EV Transition Threatened as Battery Prices Rise for First Time

Source: By David R Baker, Bloomberg • Posted: Wednesday, December 7, 2022

Cost of metals expected to keep prices high until 2024.

A person looks at a bank of lithium-ion batteries in La Jolla, California. 

A person looks at a bank of lithium-ion batteries in La Jolla, California.  Photographer: Sandy Huffaker/AFP/Getty Images

Prices for the batteries that power everything from smartphones to cars rose in 2022 for the first time since research firm BloombergNEF started tracking them — and they won’t likely drop next year.

The global average price for lithium-ion battery packs climbed 7% to $151 per kilowatt-hour, according to BNEF’s annual battery price survey. Never before in the 12 years BNEF has surveyed battery prices have they recorded an annual increase, instead dropping sharply as production grew. But this year’s rising costs for lithium, nickel and the other metals batteries contain have halted that decline and will keep prices around $152/kWh in 2023, BNEF predicts. Not until 2024, when more lithium production is expected to come online, are prices forecast to drop again.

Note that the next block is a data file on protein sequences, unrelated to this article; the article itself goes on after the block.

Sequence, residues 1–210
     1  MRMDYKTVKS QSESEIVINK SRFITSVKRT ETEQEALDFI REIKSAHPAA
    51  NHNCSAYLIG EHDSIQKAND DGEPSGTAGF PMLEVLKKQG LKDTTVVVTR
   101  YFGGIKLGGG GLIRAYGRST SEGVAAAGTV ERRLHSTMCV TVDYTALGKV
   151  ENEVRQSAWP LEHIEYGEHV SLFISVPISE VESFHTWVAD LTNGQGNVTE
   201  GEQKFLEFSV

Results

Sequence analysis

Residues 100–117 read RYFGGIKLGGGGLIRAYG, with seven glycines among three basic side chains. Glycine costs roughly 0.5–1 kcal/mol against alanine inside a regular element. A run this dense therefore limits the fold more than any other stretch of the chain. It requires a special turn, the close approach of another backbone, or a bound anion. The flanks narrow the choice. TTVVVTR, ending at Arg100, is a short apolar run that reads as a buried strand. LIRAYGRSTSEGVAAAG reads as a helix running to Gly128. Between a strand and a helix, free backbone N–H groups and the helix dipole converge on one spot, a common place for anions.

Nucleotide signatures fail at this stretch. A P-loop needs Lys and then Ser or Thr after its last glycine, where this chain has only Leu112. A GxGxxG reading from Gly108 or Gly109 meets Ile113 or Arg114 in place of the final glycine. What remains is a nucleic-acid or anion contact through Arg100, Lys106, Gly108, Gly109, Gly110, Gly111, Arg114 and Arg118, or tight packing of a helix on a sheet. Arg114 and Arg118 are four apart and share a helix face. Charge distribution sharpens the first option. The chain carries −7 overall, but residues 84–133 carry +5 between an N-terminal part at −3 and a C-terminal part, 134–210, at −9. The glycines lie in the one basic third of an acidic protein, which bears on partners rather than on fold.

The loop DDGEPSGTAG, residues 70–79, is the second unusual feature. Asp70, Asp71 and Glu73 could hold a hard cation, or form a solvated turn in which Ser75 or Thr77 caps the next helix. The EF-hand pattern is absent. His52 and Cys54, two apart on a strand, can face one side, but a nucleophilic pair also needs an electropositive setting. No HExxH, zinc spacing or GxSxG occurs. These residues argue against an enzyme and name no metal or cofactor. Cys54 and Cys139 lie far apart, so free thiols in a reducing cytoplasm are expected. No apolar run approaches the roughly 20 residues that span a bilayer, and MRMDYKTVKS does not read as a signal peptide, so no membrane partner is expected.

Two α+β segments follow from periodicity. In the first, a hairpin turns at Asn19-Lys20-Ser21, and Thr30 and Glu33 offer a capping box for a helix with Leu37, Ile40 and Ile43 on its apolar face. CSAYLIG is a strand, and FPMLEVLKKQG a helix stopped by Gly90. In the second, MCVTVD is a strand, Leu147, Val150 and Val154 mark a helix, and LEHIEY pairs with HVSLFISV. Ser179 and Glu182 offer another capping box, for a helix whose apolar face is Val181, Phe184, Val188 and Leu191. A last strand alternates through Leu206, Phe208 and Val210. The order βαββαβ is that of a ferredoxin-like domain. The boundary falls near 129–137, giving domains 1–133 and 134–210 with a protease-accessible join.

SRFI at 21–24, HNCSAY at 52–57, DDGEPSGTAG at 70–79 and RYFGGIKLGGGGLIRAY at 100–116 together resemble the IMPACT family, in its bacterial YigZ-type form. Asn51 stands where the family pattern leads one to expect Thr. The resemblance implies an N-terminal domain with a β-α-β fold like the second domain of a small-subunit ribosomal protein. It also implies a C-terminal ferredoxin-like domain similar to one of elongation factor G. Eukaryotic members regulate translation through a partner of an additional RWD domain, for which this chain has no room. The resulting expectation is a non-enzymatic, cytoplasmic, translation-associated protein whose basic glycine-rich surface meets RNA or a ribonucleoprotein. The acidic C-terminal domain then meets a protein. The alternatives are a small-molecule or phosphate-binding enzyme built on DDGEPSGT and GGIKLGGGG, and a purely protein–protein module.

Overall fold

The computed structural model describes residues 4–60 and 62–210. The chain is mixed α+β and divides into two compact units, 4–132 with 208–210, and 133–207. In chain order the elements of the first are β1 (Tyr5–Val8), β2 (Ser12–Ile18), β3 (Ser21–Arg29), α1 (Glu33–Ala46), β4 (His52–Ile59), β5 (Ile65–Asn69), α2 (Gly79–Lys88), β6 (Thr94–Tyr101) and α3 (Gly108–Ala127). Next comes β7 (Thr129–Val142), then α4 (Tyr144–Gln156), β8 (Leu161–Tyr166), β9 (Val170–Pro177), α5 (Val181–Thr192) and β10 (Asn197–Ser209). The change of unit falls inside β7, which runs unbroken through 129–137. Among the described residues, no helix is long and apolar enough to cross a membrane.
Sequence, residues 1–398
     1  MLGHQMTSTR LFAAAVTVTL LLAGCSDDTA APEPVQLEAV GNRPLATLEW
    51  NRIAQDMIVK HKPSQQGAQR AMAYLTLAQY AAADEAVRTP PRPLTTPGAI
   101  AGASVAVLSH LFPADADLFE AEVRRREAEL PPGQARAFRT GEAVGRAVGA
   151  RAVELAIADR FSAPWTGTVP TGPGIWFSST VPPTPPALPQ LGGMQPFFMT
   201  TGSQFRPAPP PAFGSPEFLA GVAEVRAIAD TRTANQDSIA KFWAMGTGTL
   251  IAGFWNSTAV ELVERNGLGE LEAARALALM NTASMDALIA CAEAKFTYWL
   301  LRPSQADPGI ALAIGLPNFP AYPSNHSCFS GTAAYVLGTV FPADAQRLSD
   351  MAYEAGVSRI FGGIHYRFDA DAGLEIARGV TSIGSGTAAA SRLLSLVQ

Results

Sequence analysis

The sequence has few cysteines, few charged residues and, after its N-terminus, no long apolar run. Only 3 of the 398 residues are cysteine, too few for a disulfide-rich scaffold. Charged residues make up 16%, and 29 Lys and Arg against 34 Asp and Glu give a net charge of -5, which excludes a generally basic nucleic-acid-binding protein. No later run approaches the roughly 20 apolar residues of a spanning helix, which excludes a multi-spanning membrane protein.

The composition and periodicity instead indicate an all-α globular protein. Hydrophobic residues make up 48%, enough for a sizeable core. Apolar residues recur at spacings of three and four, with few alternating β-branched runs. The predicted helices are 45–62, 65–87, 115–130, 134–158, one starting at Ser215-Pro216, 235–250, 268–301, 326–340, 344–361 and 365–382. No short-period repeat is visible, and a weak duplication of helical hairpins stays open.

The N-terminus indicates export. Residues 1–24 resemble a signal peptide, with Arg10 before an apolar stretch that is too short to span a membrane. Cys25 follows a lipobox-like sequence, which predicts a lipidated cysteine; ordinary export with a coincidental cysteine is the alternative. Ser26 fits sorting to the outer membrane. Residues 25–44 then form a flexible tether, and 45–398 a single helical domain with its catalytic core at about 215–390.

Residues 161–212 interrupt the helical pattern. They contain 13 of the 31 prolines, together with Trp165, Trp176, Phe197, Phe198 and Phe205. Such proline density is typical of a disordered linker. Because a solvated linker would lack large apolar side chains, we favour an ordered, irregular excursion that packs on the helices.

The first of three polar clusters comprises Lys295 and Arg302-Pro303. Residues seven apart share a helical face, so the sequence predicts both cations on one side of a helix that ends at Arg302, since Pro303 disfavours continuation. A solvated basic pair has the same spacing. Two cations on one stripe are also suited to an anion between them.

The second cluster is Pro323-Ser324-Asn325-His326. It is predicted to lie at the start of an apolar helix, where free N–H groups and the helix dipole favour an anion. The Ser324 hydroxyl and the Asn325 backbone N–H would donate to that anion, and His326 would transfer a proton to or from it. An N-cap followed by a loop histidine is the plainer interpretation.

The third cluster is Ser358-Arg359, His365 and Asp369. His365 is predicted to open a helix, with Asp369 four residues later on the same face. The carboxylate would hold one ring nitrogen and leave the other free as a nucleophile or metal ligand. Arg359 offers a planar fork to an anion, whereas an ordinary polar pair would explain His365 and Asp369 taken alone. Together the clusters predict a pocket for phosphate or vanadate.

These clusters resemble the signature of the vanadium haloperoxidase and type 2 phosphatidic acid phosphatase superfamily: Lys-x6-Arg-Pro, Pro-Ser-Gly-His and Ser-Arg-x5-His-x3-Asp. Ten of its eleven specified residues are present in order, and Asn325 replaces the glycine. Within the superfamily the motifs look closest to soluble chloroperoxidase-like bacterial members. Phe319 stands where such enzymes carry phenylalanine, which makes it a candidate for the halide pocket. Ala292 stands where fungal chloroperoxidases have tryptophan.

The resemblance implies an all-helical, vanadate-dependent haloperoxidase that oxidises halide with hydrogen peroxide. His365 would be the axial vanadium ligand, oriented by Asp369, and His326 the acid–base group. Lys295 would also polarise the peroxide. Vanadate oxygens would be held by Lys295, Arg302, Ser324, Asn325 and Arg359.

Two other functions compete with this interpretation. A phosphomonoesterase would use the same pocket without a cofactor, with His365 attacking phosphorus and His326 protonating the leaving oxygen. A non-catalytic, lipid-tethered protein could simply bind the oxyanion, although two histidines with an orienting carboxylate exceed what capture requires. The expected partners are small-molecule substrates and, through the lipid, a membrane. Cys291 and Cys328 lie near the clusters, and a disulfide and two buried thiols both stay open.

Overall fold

The $151 figure represents an average price across several industries that use lithium-ion battery packs, including large-scale units being plugged into the electricity grid to prevent blackouts. For electric vehicles, the average pack price was $138/kWh.

The higher prices strike at a delicate moment. Automakers worldwide are rolling out new electric car and truck models aimed at the mass market, not just early adopters, and high battery prices are one of main reasons EVs cost more up-front than comparable gas-burning cars. That EV premium is expected to disappear once battery prices drop below $100/kWh, a milestone BNEF previously forecast would arrive in 2024. Now the research firm forecasts reaching that tipping point in 2026.